1959: Buddy Holly's "It Doesn't Matter Anymore" hits No. 13 on the U.S. Billboard Hot 100 chart, becoming his first posthumous hit, and his last top 20 hit. The song was recorded in October 1958 during the last formal recording session for Holly, who died in a plane crash near Clear Lake, Iowa, on Feb. 3, 1959, along with Ritchie Valens, J. P. "The Big Bopper" Richardson and pilot Roger Peterson.
1958: Johnny Stompanato, a former United States Marine who became a bodyguard and enforcer for gangster Mickey Cohen, is stabbed and killed by Cheryl Crane, the teenage daughter of his girlfriend, actress Lana Turner. Crane claimed Stompanato had been attacking her mother and that she had stabbed Stompanato defending her mother. The courts agreed, ruling the death to be justifiable homicide.
1956: Writer and producer David E. Kelley, known as the creator of "Picket Fences," "Chicago Hope," "The Practice," "Ally McBeal," "Boston Public," "Boston Legal" and "Harry's Law" as well as several films, is born in Waterville, Maine. He's seen here with his wife, actress Michelle Pfeiffer.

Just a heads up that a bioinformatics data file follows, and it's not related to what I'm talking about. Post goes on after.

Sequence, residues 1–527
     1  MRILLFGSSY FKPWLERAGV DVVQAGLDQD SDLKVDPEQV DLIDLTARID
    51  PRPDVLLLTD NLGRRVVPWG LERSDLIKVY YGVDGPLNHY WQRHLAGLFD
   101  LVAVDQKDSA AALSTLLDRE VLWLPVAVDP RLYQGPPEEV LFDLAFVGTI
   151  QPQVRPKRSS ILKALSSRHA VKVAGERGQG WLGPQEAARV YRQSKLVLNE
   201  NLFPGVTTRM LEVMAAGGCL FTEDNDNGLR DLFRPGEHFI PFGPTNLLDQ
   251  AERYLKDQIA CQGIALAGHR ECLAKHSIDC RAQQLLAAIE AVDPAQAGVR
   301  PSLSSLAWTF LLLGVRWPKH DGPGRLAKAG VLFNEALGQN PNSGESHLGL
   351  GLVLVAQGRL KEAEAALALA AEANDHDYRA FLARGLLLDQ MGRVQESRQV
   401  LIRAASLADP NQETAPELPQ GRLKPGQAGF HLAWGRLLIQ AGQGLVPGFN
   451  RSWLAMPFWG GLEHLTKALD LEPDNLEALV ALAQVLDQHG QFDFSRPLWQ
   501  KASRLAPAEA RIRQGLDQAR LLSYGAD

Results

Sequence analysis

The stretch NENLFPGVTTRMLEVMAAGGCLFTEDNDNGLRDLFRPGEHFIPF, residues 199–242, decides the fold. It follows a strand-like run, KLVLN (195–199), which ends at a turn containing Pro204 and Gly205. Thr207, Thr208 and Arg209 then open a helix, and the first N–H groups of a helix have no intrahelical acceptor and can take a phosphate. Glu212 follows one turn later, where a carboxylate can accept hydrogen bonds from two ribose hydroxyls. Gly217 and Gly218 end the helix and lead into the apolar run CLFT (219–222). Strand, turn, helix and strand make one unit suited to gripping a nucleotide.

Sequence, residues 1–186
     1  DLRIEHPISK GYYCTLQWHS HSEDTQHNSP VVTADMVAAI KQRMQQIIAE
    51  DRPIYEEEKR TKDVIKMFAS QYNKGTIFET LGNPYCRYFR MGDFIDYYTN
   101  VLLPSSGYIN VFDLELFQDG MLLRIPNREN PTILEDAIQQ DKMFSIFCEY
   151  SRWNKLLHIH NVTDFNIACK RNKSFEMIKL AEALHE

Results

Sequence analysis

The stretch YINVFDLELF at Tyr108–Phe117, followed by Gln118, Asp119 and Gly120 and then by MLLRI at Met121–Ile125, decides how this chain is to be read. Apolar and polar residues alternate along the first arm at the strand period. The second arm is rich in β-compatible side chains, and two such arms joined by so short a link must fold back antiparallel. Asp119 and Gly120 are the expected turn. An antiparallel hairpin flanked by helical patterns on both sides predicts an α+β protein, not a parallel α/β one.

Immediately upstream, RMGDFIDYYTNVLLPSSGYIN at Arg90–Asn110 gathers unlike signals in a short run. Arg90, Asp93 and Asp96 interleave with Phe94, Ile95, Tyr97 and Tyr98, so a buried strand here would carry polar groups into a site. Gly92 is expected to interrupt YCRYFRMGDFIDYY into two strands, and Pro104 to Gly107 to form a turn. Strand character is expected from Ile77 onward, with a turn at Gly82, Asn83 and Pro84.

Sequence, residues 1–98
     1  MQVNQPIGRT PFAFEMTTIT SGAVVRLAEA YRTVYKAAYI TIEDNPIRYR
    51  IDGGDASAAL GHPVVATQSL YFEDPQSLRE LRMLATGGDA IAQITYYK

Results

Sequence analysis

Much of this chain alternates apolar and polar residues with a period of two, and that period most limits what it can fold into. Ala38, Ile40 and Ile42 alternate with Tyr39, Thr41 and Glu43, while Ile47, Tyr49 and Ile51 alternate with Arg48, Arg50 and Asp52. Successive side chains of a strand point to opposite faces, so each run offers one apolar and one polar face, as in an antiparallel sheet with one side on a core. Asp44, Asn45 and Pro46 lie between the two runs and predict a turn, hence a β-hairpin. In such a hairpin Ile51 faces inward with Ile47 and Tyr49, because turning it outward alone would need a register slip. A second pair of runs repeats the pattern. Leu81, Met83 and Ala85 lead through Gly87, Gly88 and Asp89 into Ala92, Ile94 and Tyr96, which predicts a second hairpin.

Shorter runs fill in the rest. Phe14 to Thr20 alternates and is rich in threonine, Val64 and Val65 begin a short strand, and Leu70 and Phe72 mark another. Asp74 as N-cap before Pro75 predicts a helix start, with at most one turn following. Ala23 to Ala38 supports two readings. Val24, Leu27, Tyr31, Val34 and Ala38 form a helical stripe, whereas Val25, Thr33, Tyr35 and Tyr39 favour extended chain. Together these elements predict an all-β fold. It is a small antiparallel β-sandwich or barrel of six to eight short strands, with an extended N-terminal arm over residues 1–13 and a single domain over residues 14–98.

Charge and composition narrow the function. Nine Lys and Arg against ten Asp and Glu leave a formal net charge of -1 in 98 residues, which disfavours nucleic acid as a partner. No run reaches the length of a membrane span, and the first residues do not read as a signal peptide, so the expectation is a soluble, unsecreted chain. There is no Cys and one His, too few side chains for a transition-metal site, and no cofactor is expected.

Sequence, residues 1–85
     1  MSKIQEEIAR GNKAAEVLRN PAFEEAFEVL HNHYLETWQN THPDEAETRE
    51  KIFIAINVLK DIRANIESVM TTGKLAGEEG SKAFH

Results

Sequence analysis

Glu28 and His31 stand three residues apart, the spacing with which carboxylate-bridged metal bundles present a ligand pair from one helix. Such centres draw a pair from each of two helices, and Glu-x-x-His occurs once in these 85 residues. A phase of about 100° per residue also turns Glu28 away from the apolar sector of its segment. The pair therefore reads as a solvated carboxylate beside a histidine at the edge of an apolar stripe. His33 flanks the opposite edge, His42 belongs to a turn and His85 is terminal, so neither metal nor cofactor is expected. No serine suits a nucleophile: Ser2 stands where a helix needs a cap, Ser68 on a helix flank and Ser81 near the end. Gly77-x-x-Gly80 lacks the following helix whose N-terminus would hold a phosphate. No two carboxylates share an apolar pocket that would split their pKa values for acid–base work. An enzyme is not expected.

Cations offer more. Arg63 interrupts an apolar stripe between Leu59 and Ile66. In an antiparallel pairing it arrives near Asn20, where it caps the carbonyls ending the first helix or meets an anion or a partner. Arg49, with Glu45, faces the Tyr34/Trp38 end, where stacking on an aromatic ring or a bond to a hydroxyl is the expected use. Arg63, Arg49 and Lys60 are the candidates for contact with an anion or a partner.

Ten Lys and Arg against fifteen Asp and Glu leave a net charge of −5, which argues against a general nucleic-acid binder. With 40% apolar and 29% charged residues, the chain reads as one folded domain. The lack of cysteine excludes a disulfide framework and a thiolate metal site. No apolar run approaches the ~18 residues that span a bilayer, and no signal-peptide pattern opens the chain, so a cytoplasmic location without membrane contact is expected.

1950: Actress Christine Lahti, best known for her TV roles in "Chicago Hope" and "Jacky & Bobby," and for movies like "Swing Shift" and "Running on Empty," is born in Birmingham, Mich.
1949: Twelve nations sign the North Atlantic Treaty creating the North Atlantic Treaty Organization.
1945: The Ohrdruf forced labor and concentration camp near Weimar, Germany, is liberated by the 4th Armored Division and the 89th Infantry Division. It was the first Nazi concentration camp liberated by the U.S. Army.
1944: Actor Craig T. Nelson, best known for his Emmy-winning role as football coach Hayden Fox on the sitcom "Coach," is born Craig Richard Nelson in Spokane, Wash. Nelson is also known for the movies "Stir Crazy," "Poltergeist" and "The Incredibles" and also stars in the sitcom "Parenthood."
1933: The U.S. Navy airship USS Akron is wrecked off the New Jersey coast due to severe weather, killing 73 of the 76 crew and passengers on board. This was the largest loss of life for any airship disaster on record.